Say the name Darius Lee. Remember the name Darius Lee. Let the name Darius Lee ring on every corner, in every school, in every barbershop and beauty salon, in every church in New York City. His name is a clarion call for activsim and drastic reduction of gun violence by any reasonable means necessary.

This is not a time for partisan politics, battles between those who advocate for progressive bail reform and defunding of police departments, and on the other side factions that campaign for more aggressive policing and harsher penalties for crimes. It is time for the disparate forces to be galvanized in the name of Darius Lee and the multitude of other precious casualties.

Lee, a beloved son, brother, friend to many, exemplary scholar-athlete and shining light of Harlem, was tragically shot and killed shortly after midnight on Sunday at 139th Street and Fifth Avenue, in his native Harlem. He was pronounced dead at Lincoln Hospital in the Bronx.

The 21-year-old Lee was not the intended target. He was another innocent victim of infuriating gun violence that took place at an outdoor social gathering. The 277th mass shooting in the United States this year. Nine people were shot, eight wounded and one dead, Lee, a star scholar athlete at Houston Baptist University who was home for the summer and on track to be awarded a bachelor’s degree in December.

The New York Police Department had not publicly released a motive for the shooting as of the writing of this story, but as virtually always in these incidents the streets are talking. The cause of the carnage is allegedly the all too common beef between rival gangs. Among those emotionally crushed by Lee’s loss is Roosevelt Byers, the head basketball coach for the Eagle Academy for Young Men in the Bronx and former coach at St. Raymond’s high school, from where Lee graduated.

“When my wife woke me up and said Darius was shot,” Byers shared with me on Tuesday, “my mind did not instantly make a connection to Darius Lee because I couldn’t fathom it being him. I know people say about kids ‘he was a great kid,’ but in Darius’ case it was the perfect description.

“He was the type of young man every parent would want their son to be. I mean, an amazing kid. Darius was with me in my basketball program at (Dunlevy) Milbank since he was nine. I brought him to St. Raymond’s. This really hurts.

“When I got to the hospital,” Byers recalled, “some of his friends were there with their shirts drenched in blood from having Darius in their arms. It was sad. This shouldn’t have happened to Darius. We lost a special kid.”

They don’t want to see us unite
All they want us to do is keep on fussing and fighting
They don’t want to see us live together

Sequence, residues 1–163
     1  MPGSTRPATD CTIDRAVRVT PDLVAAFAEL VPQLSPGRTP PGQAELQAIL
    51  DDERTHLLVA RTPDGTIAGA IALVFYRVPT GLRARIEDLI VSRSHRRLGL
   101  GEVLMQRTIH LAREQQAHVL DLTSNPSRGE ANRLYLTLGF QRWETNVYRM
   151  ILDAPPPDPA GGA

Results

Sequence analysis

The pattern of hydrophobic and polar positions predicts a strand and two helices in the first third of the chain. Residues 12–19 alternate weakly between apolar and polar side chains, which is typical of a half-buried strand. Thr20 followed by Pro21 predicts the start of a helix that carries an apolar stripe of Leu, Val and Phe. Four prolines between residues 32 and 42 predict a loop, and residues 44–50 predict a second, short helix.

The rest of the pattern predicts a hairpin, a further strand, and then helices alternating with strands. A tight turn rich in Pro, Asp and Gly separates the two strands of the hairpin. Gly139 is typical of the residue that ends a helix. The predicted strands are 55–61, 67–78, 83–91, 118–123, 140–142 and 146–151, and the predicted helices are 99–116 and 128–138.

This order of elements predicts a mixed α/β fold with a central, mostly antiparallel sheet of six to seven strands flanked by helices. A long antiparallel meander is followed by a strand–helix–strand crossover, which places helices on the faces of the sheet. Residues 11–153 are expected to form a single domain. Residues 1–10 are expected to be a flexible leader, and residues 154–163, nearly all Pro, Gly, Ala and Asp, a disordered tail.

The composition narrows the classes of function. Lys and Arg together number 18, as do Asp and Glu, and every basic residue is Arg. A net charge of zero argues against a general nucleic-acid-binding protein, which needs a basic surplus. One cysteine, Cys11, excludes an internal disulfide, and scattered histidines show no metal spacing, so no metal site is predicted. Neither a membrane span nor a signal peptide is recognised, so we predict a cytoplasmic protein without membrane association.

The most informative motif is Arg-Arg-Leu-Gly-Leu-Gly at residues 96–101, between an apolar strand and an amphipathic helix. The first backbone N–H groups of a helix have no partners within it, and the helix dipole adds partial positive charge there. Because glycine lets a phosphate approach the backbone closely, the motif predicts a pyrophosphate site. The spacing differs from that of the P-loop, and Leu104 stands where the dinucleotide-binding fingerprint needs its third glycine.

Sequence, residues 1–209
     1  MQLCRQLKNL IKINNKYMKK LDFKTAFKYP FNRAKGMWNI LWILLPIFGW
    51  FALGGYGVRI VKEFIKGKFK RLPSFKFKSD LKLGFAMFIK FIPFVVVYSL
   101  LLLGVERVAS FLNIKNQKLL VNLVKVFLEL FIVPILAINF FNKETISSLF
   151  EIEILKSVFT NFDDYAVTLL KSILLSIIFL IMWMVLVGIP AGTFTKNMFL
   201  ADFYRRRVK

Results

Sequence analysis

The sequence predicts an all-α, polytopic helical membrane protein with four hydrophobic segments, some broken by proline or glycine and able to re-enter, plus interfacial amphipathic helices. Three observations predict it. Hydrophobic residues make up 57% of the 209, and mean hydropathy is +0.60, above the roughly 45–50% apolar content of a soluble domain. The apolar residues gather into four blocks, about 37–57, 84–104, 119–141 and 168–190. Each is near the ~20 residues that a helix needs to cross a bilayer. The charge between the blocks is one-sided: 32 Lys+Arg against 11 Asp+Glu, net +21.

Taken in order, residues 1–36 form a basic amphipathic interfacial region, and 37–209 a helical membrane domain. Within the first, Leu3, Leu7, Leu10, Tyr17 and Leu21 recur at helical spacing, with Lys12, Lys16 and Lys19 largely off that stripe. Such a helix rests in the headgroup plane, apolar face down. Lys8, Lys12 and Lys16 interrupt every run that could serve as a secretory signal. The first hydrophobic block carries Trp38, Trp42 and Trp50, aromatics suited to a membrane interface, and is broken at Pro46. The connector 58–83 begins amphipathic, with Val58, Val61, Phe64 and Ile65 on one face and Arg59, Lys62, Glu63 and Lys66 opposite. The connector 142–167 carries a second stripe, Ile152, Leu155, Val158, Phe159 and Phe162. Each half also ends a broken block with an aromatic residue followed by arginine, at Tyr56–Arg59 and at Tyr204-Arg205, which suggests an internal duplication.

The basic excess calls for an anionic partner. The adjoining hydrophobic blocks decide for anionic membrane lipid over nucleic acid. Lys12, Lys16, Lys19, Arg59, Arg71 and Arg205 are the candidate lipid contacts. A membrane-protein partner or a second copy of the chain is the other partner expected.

All they want us to do is keep on killing one another

The lyrics sung by Bob Marley on the track “Top Rankin’” from the 1979 album “Survival” ring profoundly. The “they” to whom the great singer, humanitarian and philospher refers are ambiguous, but today can be interpreted as the elements that continue to foster death, destruction and the genocide of Black people in communities across the paradoxically named United States.

The list is long.

Callous and insidiously ambitious politicians who refuse to support sensible gun legislation. Financial institutions that allow credit card purchases of weapons and tactical gear amounting to tens of thousands of dollars. Merchants of death that traffic in the transport of illegal handguns and assault weapons which flood urban areas. Gang members who are depraved purveyors of disorder and bloodshed, leading to the perpetual slaughter of Black people.

According to the U.S. Centers for Disease Control and Prevention in a report published last month, in 2020, Black people were four times more likely to be killed by a gun than the overall population, and 12 times more likely than a white person.

The overall firearm homicide rate measured per 100,000 people, increased from 4.6 in 2019 to 6.1 in 2020. However, among Black people, the rate was 26.6, a 39.5% increase. For whites it was 2.2 per 100,000. Blacks composed a staggering 62% of the 19,350 homicides by gun.

Darius Lee’s legacy must be a dramatic reawakening in our communities.

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1 Comment

  1. I want to know what I can do as a white man with no debts to any other race groups to highlight what , I consider to be the worst murder in NYC history. If your planning on any open protest let me know. I’ll be thete

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